Monday, December 12, 2005

Love the one you're with

Respecting a former President isn't always easy, but there's one that has always blown me away: Jimmy Carter. His continued work after his presidency has done more for the world than most presidents accomplish while in office. Check out his affiliations: The Carter Center, Habitat for Humanity. As my mom says, he's our best ex-President.

I read his newest book, Our Endangered Values: America's Moral Crisis, over the weekend. He has such a reasoned, Christian approach. It's so refreshing to have someone speak as a Christian and not be giving the teaching a bad name at the same time.

Covering such topics as fundamentalism, religious conflict, church and state, divorce and homosexuality (in the same chapter), abortion and the death penalty (also in the same chapter, interesting juxtapositions both), the status of women, and America's foreign policy, Carter brings intelligent, pointed insights to the discussion and helps move us toward how it should be—dialog, rather than diatribe.

In chapter two, Carter talks about his own Christian faith and those who inspired him. He worked in a small church in Brooklyn, New York with Cuban-American Eloy Cruz, who left an indelible impression on him. At the end of their mission together, Carter asked Cruz what made him so gentle but effective as a Christian witness. Cruz's reply: "You only need two loves in your life: for God, and for the person in front of you at any particular time."

Sometimes I try to imagine a world where we all lived by that dictum. What would it be like? If even the majority of us did this on a regular basis? What kind of joy and mindfulness would resonate throughout the world? Ah, if I could only make it resonate through *my* world, with the people I meet each day. And if a few more people in positions of power would work it into their agendas, too, think what could happen.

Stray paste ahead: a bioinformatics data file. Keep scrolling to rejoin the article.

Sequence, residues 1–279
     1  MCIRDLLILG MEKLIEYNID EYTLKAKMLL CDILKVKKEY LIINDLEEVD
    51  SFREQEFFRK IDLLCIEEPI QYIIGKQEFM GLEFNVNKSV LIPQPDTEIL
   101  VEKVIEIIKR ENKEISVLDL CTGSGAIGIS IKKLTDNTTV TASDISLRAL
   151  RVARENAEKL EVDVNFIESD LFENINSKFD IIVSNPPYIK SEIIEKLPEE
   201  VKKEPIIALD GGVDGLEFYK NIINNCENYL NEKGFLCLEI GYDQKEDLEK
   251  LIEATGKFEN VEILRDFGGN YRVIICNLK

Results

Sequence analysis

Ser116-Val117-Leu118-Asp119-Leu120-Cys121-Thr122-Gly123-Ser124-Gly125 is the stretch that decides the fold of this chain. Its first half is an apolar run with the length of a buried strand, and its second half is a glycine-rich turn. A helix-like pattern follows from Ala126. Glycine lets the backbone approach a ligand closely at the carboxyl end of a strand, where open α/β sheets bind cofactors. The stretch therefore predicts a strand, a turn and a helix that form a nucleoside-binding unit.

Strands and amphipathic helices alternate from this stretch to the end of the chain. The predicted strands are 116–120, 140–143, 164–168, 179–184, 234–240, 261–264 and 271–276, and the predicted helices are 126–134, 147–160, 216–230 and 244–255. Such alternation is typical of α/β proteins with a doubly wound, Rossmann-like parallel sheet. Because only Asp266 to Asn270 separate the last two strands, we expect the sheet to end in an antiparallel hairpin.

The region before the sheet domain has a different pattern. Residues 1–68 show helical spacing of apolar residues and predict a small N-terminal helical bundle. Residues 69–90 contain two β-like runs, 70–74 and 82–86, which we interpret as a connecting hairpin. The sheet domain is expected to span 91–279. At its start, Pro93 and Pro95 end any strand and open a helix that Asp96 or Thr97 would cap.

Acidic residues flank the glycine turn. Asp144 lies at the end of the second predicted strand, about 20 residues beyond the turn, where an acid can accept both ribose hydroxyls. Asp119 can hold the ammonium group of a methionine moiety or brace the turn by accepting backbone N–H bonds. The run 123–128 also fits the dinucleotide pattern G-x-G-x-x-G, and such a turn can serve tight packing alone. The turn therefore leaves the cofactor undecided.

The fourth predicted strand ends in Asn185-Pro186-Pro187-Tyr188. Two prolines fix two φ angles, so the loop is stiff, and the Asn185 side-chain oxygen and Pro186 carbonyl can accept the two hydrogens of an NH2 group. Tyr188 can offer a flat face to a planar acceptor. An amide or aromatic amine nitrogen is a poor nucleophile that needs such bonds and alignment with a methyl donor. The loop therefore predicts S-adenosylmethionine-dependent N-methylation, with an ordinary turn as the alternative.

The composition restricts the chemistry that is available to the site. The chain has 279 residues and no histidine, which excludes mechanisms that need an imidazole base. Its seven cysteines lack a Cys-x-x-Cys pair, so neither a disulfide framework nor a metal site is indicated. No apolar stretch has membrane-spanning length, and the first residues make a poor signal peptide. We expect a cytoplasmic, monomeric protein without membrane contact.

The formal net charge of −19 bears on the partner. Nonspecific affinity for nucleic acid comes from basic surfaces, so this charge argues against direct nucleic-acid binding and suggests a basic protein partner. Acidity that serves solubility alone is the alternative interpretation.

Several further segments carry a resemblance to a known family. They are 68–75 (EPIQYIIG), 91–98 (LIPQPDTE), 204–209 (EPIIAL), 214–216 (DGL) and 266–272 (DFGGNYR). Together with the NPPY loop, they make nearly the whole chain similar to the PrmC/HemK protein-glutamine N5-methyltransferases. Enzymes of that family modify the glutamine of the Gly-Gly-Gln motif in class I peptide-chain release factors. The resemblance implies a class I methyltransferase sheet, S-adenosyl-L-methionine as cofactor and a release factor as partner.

Paul writes in I Timothy:

I exhort therefore, that, first of all, supplications, prayers, intercessions, and giving of thanks, be made for all men; For kings, and for all that are in authority; that we may lead a quiet and peaceable life in all godliness and honesty.

I've prayed for those in leadership positions before. I've prayed for them to know the right thing to do, and to have the strength to do it. I've prayed for their continued wellbeing. I've prayed for their discernment.

Today I'm thinking the thing to pray for might be that they love. That they know how to love those unlike themselves, that they take actions accordingly. And that they feel loved enough themselves so they do not feel the need to use their office for personal gain or influence.

It's a new thing for me, injecting love into my political prayers. I'd better watch out—I may wind up loving them myself.


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3 Comments:

At 12/12/2005 11:08:00 AM, Blogger porthos said...

I have the Carter book and it is coming up on my "read now" list. Another book you and your readers might like to examine - in the light of loving your politcal enemies - is "The Gentle Art of Blessing" by Pierre Pradervaand. I know you've read this before, but it seems especially helpful now when the status quo is crumbling and the misdeeds of public figures are coming to the surface. The trick is, how do we "bless" them while keeping them from doing more damage?

 
At 12/12/2005 04:39:00 PM, Anonymous Franklin said...

I believe that if enough people continued to speak nothing but good of a person, that person would at some point be influenced by those good thoughts(blessings) spoken of them.

I also believe speaking good thoughts of another also bless the one speaking those good thoughts.

Laura, most of the christians I have heard comment on Mr. Carters book, seem to think he has turned from his faith and is speaking against the gospel message.

I haven't read the book so I don't know what may have caused these comments.

 
At 12/14/2005 08:51:00 PM, Blogger Kim said...

Hi L
Thanks for the critique on this book. I just saw it at the bookstore. Now I want to get it! A friend of mine from the the north of Africa felt that Carter was the greatest President becasue of his work putting human rights on the international agenda ( for trade). I agree with your mom, He's our best ex.
Thanks again for the review!

 

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